Biological Bedrock

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In the last paragraph of "Analysis Terminable and Interminable" (1937c), Freud wrote: "We often have the impression that with the wish for a penis and the masculine protest we have penetrated through all the psychological strata and have reached bedrock [gewachsener Fels : "the living rock"], and that thus our activities are at an end. This is probably true, since, for the psychical field, the biological field does in fact play the part of the underlying bedrock" (p. 252).

As a limit imposed upon psychoanalytical treatment, which is brought to a halt by its inaccessibility to psychic working over, the biological level played a complicated and ever-present motor role in Freud's work. By 1894 he had already introduced three important notions related to this frontier: libido, or psychical sexual energy transmuted from somatic energy; conversion, or the hysterical mechanism of transformation of psychic libidinal energy into somatic innervation; and the sexual instinct, the earliest attempt to conceptualize such "phase shifts"whether continuous or sporadicbetween the body and the mind.

In Three Essays on the Theory of Sexuality (1905d), what Freud called "that part of the theory . . . which lies on the frontier of biology" (p. 133)the theory of the instinctscreated the dynamic frame of reference in which psychic morphogenesis could be grafted onto the underlying biology of onto- and phylogenesis. And in his preface to the third edition (1914) of the Three Essays, Freud added: "I must, however, emphasize that the present work is characterized not only by being completely based upon psycho-analytic research, but also by being deliberately independent of the findings of biology. . . . Indeed, my aim has rather been to discover how far psychological investigation can throw light upon the biology of the sexual life of man. . . . there was no need for me to be diverted from my course if the psycho-analytic method led in a number of important respects to opinions and findings which differed largely from those based on biological considerations" (p. 131). Both the interdependence and the relative autonomy between the mental and the biological were thus affirmed.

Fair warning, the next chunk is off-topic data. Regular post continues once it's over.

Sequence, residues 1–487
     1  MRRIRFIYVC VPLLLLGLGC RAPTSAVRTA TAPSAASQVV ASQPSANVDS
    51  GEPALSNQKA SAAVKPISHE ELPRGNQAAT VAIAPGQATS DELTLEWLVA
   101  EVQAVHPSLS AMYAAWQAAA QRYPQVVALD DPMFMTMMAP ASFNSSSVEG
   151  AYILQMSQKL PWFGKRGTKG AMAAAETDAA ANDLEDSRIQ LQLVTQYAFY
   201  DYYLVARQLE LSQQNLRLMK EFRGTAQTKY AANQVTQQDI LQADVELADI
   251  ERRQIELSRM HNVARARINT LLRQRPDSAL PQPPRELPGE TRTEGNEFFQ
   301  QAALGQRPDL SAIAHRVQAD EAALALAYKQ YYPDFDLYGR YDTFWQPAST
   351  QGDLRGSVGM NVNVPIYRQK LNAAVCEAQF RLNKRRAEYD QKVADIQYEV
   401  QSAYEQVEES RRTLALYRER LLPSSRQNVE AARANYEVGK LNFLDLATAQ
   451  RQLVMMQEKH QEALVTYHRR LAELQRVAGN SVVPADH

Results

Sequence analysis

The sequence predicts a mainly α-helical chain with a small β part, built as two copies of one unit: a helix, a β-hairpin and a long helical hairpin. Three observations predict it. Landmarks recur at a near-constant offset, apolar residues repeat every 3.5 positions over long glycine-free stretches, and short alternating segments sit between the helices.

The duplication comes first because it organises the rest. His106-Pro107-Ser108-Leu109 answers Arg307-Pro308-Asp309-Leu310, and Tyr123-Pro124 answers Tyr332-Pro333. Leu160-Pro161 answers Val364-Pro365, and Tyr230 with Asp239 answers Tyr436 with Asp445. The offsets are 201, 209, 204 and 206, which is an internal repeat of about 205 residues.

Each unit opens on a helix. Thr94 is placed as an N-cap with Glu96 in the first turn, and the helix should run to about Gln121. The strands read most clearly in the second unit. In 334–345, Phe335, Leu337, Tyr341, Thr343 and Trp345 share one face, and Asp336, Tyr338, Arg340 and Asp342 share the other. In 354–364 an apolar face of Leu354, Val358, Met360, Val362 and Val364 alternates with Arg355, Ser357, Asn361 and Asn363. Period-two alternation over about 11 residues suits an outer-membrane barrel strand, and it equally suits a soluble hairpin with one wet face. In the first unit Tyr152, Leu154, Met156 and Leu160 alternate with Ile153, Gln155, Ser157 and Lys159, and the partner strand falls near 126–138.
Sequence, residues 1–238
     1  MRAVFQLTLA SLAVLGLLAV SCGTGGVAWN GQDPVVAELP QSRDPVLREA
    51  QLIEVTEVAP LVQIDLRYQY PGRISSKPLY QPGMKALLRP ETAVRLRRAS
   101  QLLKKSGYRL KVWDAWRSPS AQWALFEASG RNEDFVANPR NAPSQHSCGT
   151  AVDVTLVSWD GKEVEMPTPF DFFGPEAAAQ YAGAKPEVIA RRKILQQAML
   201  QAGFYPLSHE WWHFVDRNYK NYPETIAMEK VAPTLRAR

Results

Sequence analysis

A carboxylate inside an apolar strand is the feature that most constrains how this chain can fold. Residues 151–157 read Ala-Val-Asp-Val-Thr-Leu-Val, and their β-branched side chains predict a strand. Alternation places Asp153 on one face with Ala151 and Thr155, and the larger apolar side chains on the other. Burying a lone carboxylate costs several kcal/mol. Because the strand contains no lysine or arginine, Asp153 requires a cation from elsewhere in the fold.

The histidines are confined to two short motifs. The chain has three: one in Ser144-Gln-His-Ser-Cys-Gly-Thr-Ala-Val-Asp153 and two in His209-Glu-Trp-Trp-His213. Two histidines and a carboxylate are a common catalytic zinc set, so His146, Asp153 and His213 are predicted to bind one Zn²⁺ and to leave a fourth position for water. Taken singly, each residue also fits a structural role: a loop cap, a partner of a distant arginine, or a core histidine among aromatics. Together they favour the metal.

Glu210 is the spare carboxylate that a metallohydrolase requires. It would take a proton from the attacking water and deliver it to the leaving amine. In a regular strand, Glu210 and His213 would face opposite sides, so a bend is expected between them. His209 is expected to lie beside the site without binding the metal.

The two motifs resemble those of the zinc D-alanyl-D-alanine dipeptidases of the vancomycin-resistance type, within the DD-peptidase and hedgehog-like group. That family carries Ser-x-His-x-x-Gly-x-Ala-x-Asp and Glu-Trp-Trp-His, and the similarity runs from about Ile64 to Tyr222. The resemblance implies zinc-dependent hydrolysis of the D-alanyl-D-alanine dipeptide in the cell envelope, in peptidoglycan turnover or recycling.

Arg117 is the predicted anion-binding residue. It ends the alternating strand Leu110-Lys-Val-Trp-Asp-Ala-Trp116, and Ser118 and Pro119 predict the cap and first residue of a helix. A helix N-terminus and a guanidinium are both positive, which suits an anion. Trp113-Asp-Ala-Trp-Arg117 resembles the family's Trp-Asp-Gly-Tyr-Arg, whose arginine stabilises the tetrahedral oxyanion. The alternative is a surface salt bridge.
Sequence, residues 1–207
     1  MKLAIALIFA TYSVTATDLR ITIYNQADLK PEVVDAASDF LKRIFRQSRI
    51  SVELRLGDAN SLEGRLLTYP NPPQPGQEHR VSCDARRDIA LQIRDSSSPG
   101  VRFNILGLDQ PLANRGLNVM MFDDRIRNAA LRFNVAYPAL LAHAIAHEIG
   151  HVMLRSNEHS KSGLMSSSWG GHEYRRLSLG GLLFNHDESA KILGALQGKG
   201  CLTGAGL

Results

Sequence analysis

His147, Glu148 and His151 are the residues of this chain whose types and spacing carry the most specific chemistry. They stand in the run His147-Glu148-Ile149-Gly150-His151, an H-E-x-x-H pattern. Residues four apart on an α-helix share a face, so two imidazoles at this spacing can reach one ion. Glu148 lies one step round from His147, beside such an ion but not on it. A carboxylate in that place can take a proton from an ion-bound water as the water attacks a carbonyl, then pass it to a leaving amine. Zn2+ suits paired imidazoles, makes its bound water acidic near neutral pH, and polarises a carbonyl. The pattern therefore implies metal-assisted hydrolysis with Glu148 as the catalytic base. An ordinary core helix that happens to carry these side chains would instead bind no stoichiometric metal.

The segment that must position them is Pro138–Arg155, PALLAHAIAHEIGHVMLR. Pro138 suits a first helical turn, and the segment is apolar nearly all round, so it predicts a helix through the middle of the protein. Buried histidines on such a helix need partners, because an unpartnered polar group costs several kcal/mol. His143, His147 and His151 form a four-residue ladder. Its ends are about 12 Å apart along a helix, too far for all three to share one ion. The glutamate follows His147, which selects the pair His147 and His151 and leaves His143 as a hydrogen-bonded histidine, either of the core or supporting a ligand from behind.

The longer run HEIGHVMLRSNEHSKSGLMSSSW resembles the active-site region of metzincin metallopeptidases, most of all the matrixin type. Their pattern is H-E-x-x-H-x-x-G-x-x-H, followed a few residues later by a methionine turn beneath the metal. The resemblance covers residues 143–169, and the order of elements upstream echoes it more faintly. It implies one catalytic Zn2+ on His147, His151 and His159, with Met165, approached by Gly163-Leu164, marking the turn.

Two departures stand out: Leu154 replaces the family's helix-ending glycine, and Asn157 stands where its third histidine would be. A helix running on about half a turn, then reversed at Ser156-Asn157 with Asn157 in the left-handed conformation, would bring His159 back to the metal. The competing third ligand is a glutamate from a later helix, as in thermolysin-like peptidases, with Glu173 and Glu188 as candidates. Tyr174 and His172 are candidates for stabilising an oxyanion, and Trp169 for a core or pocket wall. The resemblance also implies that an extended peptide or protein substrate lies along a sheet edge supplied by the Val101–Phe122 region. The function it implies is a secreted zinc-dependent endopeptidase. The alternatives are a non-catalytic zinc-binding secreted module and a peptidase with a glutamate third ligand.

In fact Freud drew attention to infantile sexual activity before its organic correlates were discoveredthe word hormone came into use in 1905. He specified the two developmental biological traits responsible for the singular ubiquity of sexuality in human mental life, namely prematurity and the latency period. Freud inferred that humans were descended from a species that reached sexual maturity at the age of about five; this conclusion, which is confirmed by current paleo-anthropology, relates the Oedipus complex to the "bedrock" of the biological development of the species.